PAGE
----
Homework For A "New Era"
OK, all that turkey is behind us now, so I want to talk just a little bit about the "new" attitude we anticipate from the new City Council that will be seated next week.
A "NEWER, KINDER" RIGHEIMER?
You'll recall that Mayor Pro Tem (and probably soon "Mayor") Jim Righeimer appeared to be offering a peace pipe to the employee associations at the last city council meeting. I've expressed some skepticism, but am taking a "wait-and-see" position and will give him a chance.
In the meantime, the local media has had a couple very interesting articles on "unions" and pensions and their impact on organizations that I wanted to bring to your attention.
The first is an OC Watchdog column in the Orange County Register last week, HERE, titled "'Pension Envy': Few private workers have secure retirement". As you will see when you read it, it presents a pretty compelling viewpoint of why folks who work for - or have retired from - private industry are so willing to begin frothing at the mouth when public employee pensions are discussed. The author quotes Orange County Employee Association General Manager Nick Berardino thus: “When you talk to workers who don’t have those pensions,” Berardino said, “their immediate thing is, ‘Unions have those pensions. We don’t have them.’ And it creates a shift – pension envy.” You'll find this an interesting and provocative article.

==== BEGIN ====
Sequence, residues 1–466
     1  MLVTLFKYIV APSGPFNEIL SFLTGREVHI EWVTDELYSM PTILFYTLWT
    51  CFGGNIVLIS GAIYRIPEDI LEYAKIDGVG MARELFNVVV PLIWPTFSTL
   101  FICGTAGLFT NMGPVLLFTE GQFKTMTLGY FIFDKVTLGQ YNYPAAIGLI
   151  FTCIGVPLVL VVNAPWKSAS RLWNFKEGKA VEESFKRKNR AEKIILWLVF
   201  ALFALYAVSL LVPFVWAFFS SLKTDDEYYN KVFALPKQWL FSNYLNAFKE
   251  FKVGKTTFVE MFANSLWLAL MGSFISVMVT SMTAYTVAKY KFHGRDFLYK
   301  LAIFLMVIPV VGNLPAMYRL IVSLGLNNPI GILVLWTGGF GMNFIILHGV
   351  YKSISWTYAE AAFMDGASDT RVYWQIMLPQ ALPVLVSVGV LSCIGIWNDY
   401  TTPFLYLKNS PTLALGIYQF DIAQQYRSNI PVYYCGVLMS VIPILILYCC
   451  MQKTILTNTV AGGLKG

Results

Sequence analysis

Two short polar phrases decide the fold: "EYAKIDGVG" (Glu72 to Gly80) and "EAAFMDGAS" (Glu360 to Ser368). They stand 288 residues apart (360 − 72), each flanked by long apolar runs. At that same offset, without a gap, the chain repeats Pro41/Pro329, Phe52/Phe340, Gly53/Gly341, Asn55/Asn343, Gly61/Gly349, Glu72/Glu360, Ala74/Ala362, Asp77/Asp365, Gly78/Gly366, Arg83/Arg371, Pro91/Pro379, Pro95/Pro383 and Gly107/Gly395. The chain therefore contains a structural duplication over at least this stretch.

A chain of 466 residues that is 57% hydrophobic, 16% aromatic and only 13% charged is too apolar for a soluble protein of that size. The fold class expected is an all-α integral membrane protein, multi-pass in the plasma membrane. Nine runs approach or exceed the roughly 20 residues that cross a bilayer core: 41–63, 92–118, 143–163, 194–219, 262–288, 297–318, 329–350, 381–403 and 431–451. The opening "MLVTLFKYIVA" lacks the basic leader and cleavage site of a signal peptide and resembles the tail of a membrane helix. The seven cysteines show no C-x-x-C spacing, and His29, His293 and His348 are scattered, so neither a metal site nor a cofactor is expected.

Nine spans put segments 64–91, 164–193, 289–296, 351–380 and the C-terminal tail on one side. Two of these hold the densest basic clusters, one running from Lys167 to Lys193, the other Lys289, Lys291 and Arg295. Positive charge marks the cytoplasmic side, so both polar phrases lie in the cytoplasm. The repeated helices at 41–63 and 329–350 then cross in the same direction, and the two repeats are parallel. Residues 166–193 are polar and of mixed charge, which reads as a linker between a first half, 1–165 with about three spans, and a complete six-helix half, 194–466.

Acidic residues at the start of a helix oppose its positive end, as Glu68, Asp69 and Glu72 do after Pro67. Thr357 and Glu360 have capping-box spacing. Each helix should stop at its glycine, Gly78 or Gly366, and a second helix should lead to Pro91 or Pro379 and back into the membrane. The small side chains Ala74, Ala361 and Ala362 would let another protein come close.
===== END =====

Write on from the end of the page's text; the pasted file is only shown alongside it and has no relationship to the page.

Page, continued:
HILTZIK IN THE LOS ANGELES TIMES
The second is a column by business reporter Michael Hiltzik in the Los Angeles Times Sunday, HERE, titled "Poor management, not union intransigence, killed Hostess". In his piece Hiltzik debunks the myth that the unions caused Hostess - the manufacturer of Twinkies and Ding Dongs - to go out of business. His second paragraph sets the tone for the column: "It failed because the people that ran it had no idea what they were doing. Every other excuse is just an attempt by the guilty to blame someone else." I think you'll find Hiltzik's column informative, to say the least.
TWO STUDY GUIDES
I hope you'll read both these excellent articles in preparation to observe just what new overtures the City of Costa Mesa - led by a Righeimer-controlled council - might make in the near term to deal with the employee associations to move forward in a post-layoff, post-litigation future for our city. We'll talk more about this as we move through the end of this year and into 2013.